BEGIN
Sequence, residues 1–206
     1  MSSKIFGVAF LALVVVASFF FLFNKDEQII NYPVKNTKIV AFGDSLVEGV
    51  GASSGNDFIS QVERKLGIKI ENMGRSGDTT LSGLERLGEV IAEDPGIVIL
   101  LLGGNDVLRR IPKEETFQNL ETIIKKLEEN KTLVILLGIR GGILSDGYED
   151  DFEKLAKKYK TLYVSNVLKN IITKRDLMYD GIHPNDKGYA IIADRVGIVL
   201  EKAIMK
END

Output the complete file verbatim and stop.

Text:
Sequence, residues 1–206
     1  MSSKIFGVAF LALVVVASFF FLFNKDEQII NYPVKNTKIV AFGDSLVEGV
    51  GASSGNDFIS QVERKLGIKI ENMGRSGDTT LSGLERLGEV IAEDPGIVIL
   101  LLGGNDVLRR IPKEETFQNL ETIIKKLEEN KTLVILLGIR GGILSDGYED
   151  DFEKLAKKYK TLYVSNVLKN IITKRDLMYD GIHPNDKGYA IIADRVGIVL
   201  EKAIMK